Bees, Wonderful Bees

Who doesn’t love the taste of golden, sweet honey? Honey is a treasure chest of hidden nutritional and medicinal value. Its antibacterial and antifungal properties have been noted since the early days of the Egyptian pharaohs. Locally produced honey is purported to alleviate allergies by acting as a natural vaccine. Honey is loaded with antioxidants which may boost memory and aid in absorption of calcium in older folks. It has long been used as a cough suppressant and to soothe a sore throat.

Here is an interesting fact: all of the honey produced in this country is made by honeybees that have been imported into the United States, mostly from Europe. There are up to 4,000 species of native bees in North America, but most of them live as solitary insects, often underground.   

The European bees (Apis mellifera) were brought to this country for honey production and also for pollination of crops such as alfalfa, apples, cucumber, squash, sunflower, okra and many others. Native bees also aid in pollinating these crops, but the advantage of the European bees is that they can be easily transported, hive and all, directly into the fields. Bees to go!

Which brings us right here to Elachee where we have two active bee hives on display in Visitor Center. Pull up a chair and watch the action as the bees fly in and out of the two hives via pipes that connect them to the outdoors. 

You may be lucky enough to spot the queen bee, the only bee in the hive that can lay fertilized eggs. The drone bees are on hand for the sole purpose of mating with the queen. The queen controls the activity in the hive by emitting a pheromone that keeps the female worker bees sterile and also signals the colony that all is well.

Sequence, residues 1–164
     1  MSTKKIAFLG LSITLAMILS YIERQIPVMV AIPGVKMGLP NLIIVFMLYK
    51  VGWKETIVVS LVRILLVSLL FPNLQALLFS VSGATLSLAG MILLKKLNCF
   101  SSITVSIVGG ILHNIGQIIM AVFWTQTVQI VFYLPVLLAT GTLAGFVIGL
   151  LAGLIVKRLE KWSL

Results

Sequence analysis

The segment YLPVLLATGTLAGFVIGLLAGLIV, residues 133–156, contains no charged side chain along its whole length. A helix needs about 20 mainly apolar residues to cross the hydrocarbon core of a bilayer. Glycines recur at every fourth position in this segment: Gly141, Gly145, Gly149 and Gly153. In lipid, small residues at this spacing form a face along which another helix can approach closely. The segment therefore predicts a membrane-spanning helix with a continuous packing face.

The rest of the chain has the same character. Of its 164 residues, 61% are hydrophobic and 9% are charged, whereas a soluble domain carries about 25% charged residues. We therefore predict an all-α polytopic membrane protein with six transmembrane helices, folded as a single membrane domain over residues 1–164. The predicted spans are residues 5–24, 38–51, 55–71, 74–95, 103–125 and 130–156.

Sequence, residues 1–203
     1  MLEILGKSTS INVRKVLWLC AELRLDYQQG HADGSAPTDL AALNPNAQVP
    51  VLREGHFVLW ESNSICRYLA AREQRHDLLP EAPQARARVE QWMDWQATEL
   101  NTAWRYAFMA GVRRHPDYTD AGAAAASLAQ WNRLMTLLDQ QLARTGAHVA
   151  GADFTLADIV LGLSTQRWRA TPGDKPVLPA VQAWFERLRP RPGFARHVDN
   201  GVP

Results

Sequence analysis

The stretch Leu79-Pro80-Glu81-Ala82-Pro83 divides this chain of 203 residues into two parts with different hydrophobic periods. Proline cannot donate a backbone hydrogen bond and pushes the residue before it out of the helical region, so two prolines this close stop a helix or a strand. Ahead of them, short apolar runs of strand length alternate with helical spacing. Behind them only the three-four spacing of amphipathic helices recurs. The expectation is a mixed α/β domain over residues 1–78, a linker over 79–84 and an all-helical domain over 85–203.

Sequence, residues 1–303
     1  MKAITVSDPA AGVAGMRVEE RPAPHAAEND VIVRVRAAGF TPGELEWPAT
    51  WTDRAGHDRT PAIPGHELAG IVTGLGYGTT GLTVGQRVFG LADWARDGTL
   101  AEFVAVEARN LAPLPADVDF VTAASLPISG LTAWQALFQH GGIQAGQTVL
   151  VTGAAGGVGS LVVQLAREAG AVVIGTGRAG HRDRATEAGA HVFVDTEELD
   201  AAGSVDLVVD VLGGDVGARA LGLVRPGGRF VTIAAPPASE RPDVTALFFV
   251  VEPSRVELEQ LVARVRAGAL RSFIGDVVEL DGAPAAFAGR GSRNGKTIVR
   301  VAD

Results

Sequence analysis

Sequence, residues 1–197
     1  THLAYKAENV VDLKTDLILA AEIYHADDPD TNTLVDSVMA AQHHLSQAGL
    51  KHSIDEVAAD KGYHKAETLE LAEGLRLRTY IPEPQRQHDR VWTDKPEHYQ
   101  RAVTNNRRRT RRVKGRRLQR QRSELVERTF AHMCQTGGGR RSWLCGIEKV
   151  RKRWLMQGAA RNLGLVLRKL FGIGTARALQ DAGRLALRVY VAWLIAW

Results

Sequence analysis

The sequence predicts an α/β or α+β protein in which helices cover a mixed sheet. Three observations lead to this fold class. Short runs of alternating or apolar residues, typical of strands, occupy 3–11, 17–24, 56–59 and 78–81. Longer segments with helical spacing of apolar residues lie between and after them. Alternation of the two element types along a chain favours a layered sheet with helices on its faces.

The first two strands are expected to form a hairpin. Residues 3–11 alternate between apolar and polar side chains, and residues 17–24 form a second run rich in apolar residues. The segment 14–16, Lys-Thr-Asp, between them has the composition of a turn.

Busy as a bee?  Watch the activity in the hives and you will understand where that phrase originated. 

Sterile female worker bees carry out day to day workings in the hive. You can see worker bees busily engaged in caring for the brood of developing larvae. Still others may be seen vigorously flapping their wings to ventilate the hive. Some workers are tasked with guarding the hive, while others are the garbage collectors. The food gatherers come and go with the baskets on their hind legs loaded with golden pollen from their forays among flowering plants.

A whopping 85 percent of Earth’s plants either require or benefit from animal-mediated pollination, with bees comprising a large segment of the pollinator population. At Elachee we have a lovely pollinator garden at on our Visitor Center grounds, maintained by the Hall County Master Gardeners. Thanks to their hard work, our honeybees can feed on flowering plants such as coreopsis, rudbeckia, coneflower and wild verbena, as well as the flowering plants and trees of Chicopee Woods.

Come watch these fascinating insects at work here at Elachee. Be sure to give yourself plenty of time to visit the pollinator garden and the beehives; you will be mesmerized by the workings of these incredible creatures